It’s #NotOkay that as a proud feminist who knows that harassment and assault are #NotOkay in any form, and that victim blaming is never OK, that randomly, even a year later, my mind will find ways to make myself think that I was somehow, even for a second, in the wrong (I’m not).

It’s #NotOkay that for this past year, possibly for the rest of my life, I get to be triggered without a moment’s notice. That this is not something that I can just choose to never think about again. That this encounter with a man I had never met probably meant nothing to him. That he didn’t think twice about it. That it’s something I have to remember always.

It’s #NotOkay that I am holding back tears and desperately staving off a panic attack as I write this. It’s #NotOkay that I’m the one who gets to be hurt and afraid because of this. It’s not something that I did, it’s something that happened to me, yet I and so many other victims get to pay the ultimate price for assault.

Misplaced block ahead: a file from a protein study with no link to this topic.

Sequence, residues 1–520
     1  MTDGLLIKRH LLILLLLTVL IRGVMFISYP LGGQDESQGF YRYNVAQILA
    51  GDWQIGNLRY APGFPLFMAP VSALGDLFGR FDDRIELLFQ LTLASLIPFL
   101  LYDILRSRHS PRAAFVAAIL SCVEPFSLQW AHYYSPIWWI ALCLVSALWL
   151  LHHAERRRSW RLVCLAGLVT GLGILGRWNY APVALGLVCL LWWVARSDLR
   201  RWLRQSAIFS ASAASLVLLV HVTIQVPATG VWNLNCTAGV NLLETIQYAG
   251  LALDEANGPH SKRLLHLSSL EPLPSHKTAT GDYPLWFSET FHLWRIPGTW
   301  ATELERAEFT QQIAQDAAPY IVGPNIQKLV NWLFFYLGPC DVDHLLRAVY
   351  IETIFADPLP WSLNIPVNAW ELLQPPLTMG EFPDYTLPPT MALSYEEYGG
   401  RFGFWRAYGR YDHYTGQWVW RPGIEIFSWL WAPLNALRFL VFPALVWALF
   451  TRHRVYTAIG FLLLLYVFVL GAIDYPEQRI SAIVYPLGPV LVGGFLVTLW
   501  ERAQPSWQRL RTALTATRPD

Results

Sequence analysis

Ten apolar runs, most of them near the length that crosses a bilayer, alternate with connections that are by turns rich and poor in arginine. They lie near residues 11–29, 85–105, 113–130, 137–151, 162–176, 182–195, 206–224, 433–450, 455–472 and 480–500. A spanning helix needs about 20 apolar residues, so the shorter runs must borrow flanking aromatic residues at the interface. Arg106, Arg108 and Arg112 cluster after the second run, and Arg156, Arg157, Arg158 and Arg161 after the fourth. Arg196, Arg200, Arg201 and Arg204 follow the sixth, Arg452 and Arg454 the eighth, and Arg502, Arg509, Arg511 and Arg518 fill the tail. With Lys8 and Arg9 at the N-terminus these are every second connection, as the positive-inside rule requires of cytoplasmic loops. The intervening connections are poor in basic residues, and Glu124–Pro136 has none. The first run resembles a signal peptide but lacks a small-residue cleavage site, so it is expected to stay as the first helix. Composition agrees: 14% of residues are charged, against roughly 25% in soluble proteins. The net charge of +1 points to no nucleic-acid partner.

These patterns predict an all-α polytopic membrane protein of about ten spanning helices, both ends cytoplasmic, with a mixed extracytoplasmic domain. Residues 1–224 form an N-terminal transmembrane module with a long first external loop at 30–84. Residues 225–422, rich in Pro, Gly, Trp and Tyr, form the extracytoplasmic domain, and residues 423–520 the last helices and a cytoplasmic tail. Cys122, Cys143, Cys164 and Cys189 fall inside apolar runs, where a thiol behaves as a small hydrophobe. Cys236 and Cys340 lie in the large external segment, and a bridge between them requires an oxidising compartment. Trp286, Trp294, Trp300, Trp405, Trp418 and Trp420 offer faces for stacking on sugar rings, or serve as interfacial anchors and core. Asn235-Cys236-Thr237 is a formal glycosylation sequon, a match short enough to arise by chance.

21-year-old female

I was 15 and still in high school. I was just starting my sophomore year and getting out of my first relationship. I was smitten with a guy in my bio class, only to learn he lived three streets down from my parents. We would casually see each other at football games and at parties. After a party, he asked to hang out and walk me home. I had been drinking; he hadn’t.

He convinced me to go swimming in the pool of an abandoned house, which slowly turned into my biggest nightmare. He made multiple passes. I shot down each one. I knew I wasn’t safe, but I knew he could outrun me. I fought him off while he climbed on top of me. I kept fighting and crying, but couldn’t get him off.

He called me names everyday at school. “Whore.” “Slut.” He told everyone I begged for him. I was too ashamed to share my story for three years.